Hockey’s top prize will always have a place to call home in Ottawa.
One hundred and twenty-five years ago, Canada’s then governor general Lord Stanley of Preston, a hockey dad himself, bought a silver cup for 10 Guineas, or $50 Canadian at the time. At the corner of Elgin and Sparks Streets, he gifted this cup to Canada’s top-ranking amateur hockey club.
In 1926, the National Hockey League adopted the cup, christening it the Stanley Cup, and made it the top prize in professional hockey.
Now, steps away from where Stanley originally handed over the cup, a monument to mark the gift is going to be erected.
For the organizing committee, Lord Stanley’s Gift Monument, this monument will act as a place to forever mark the original gift by Stanley in Canada’s history.
On March 18, Canada’s current Governor General David Johnston was on hand at a groundbreaking ceremony at the site of this monument.
“My predecessor Lord Stanley would be so pleased to see us here, at the corner of Elgin and Sparks Streets in Ottawa. The heart of Canada’s capital is a fitting place for this monument,” Johnston said at the ceremony.
Johnston went on to say the cup is a symbol of Canada, of excellence, of grit, grace and hard work.
“This monument honours the legacy and will further cement the Stanley Cup’s place in the life of our country,” he said.
Commenting on the unique tradition of the cup where players and staff from the winning team each get time to spend with the cup, ultimately having the cup go all over the world, Johnston said he thinks this new monument will offer people from all over Canada and the world who visit it a chance to share in the glory of the Stanley Cup.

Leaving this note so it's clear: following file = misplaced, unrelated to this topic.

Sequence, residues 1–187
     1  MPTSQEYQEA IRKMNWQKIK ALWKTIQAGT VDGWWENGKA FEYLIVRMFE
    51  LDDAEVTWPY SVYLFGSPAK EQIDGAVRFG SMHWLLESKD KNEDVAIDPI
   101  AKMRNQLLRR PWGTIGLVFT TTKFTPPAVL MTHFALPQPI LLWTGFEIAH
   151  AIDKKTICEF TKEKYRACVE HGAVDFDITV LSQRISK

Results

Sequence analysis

Braving the cold morning temperatures on March 18, young hockey players from the Ottawa Valley Silver Seven donned jerseys to represent the teams of the NHL at the ceremony..
Proud moms Joanne McNally of Carp and Mandy Vanvliet of Stittsville said it was a great opportunity for their boys to participate in.
“I think they would rather be cold and celebrating this part of history than not be here,” McNally said.
George Hunter, president of Lord Stanley’s Gift Monument, took the moment to reflect on the hockey dream and those of the boys standing in front of him.
“The monument, the ground-breaking for the which we celebrate today is all about dreams,” Hunter said, adding that the simple bowl in which Stanley purchased has gone on to represent the ultimate achievement and dream in hockey.
According to the committee, the historic, simple silver bowl donated by Stanley is what inspired the winning design for the sculpture.
The sculpture will rise from a white paved “hockey rink” with imbedded stainless steel lines evoking skate marks and 39 granite discs engraved with the names of the Stanley Cup winners from 1893 to 2017.
A 1.4 metre black granite bench in the form of a “hockey puck” will complete the ensemble.
The monument will be donated to the city and unveiled in December 2017.
The unveiling will be part of the 2017 celebrations of Canada’s 150th anniversary, the 100th anniversary of the National Hockey League, and the 25th anniversary of the Ottawa Senators.